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Milk (2008)

His life changed history. His courage changed lives.

Rating: 9/10

Running Time: 128 minutes

US Certificate: R UK Certificate: 15

Seeing Milk, I believe, might be a little different for me, as a California resident, than for the rest of the world. Having just come through the November election where Proposition 8 was passed, putting into place a state Constitutional ban on same-sex marriage, the “gays will infiltrate your schools” arguments depicted here on Proposition 6 are eerily similar. But this is more than just a movie documenting a piece of gay history, and it’s best when it focuses on its people, not just its events.

On the eve of his fortieth birthday, New Yorker Harvey Milk (Sean Penn) picks up Scott Smith (James Franco), who tells him he needs a “new scene.” So, off they go to San Francisco, and soon, Harvey is leading a revolution to legitimize the gay-populated Castro Street as a viable business community. His aspirations grow, however, and it isn’t long before Harvey sets his sights on political office. Three tries later, Harvey Milk finds himself on the San Francisco Board of Supervisors as the country’s first openly gay man elected to serve in public office—and at the volatile center of the gay rights movement.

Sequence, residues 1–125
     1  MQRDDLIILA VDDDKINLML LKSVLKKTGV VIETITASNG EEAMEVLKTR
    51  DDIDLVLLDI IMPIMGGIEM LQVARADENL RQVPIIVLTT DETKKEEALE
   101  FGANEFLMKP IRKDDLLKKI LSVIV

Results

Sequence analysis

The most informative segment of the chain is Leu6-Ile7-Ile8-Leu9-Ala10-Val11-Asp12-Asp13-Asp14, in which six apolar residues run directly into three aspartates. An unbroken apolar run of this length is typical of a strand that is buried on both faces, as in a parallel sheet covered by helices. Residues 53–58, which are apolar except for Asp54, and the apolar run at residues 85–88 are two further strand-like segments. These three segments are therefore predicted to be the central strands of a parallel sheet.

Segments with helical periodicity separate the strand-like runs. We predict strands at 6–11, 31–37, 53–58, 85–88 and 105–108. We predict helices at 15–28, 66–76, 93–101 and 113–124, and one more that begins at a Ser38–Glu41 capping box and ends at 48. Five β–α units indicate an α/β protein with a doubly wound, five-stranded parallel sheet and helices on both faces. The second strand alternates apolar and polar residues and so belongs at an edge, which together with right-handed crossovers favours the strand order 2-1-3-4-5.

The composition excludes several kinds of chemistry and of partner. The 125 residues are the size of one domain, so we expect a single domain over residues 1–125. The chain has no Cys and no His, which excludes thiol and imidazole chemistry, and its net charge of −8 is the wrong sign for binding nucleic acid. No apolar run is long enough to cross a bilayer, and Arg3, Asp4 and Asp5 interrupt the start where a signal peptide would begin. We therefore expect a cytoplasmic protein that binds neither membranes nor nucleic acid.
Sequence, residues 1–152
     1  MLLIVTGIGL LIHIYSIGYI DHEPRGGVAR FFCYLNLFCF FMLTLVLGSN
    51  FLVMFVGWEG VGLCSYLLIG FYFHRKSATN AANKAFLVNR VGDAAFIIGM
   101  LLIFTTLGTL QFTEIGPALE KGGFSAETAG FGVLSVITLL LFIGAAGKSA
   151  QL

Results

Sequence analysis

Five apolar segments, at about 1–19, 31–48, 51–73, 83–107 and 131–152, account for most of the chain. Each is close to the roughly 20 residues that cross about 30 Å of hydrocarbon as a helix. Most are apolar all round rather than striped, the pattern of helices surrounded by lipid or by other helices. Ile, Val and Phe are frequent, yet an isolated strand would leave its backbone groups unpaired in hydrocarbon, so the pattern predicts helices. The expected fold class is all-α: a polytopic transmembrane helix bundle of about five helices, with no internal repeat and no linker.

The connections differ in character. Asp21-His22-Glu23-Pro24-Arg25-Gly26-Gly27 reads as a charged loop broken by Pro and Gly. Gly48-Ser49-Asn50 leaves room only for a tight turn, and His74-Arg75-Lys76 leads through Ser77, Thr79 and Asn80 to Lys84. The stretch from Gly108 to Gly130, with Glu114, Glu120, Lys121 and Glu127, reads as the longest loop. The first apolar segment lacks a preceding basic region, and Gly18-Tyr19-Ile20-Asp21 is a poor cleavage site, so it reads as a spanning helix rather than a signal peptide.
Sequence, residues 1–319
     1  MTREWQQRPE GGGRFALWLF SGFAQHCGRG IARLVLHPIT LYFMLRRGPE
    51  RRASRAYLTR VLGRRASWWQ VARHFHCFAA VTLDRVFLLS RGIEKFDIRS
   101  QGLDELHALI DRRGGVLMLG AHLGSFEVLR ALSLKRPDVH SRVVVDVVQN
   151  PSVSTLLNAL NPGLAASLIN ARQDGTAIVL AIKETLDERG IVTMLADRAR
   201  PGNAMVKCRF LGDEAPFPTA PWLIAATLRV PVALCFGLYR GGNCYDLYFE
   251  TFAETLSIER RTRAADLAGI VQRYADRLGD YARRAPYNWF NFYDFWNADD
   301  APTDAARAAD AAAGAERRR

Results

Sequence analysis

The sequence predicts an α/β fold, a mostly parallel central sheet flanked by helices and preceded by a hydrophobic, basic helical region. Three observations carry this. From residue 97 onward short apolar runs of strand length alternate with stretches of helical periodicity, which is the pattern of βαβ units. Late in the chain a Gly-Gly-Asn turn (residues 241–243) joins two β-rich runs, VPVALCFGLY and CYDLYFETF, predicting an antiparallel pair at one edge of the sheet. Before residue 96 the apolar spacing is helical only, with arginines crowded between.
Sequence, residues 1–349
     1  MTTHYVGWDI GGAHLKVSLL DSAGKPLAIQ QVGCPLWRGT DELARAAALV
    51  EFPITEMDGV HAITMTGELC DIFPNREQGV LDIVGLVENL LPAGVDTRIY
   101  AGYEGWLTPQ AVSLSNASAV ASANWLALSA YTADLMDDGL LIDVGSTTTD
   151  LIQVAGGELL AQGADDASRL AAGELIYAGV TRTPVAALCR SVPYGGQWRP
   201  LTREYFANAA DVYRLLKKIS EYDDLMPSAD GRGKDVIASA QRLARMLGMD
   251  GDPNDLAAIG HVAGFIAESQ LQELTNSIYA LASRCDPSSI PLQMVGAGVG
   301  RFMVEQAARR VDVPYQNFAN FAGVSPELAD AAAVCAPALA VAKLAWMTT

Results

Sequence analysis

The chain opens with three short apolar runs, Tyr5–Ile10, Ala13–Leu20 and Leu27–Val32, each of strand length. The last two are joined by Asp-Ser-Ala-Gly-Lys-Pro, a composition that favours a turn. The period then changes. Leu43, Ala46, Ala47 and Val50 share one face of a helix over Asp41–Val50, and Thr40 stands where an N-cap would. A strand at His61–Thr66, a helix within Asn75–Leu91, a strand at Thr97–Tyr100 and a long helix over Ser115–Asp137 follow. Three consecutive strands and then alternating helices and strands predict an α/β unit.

Milk is what happens when everything goes right on a movie. The casting is exact, and the look and feel are spot-on authentic. The best thing about the film, though, is that even though it’s all about real events and real people, it still feels like a very well-written piece of fiction—not to say it feels unrealistic, it’s more to say that the characters are more developed and intriguing than in most biopics. Even with the history lesson we get on the gay rights movement, it’s also a damn good story. At the forefront of that story, of course, is Penn. I can’t imagine anyone else being Harvey, and Penn’s version of this real-life man is transformational. But there’s a lot of praise to go around—Franco is understated and strong as Scott Smith, more the grown-up in their relationship than the older Milk, and Josh Brolin has been getting well-deserved kudos for his off-kilter-trying-to-be-normal Dan White (and seriously, is Josh Brolin everywhere now?). Emile Hirsch, Diego Luna, Alison Pill—all in roles that could’ve gone over the top, these three supporters stand out among their bigger named co-stars. Credit goes also to Van Sant, who keeps the dramatics simmering while presenting an uplifting look into a time in our recent history that echoes a whole lot of current upheaval while never veering into being preachy or sentimental.

It's Got: A superior cast, a lesson in civil rights, scary footage of Anita Bryant.

It Needs: To be seen.


Milk is, undoubtedly a must-see if you’re looking for a lesson in the gay rights movement, but more importantly, it’s a beautifully crafted film about a man we should know more about.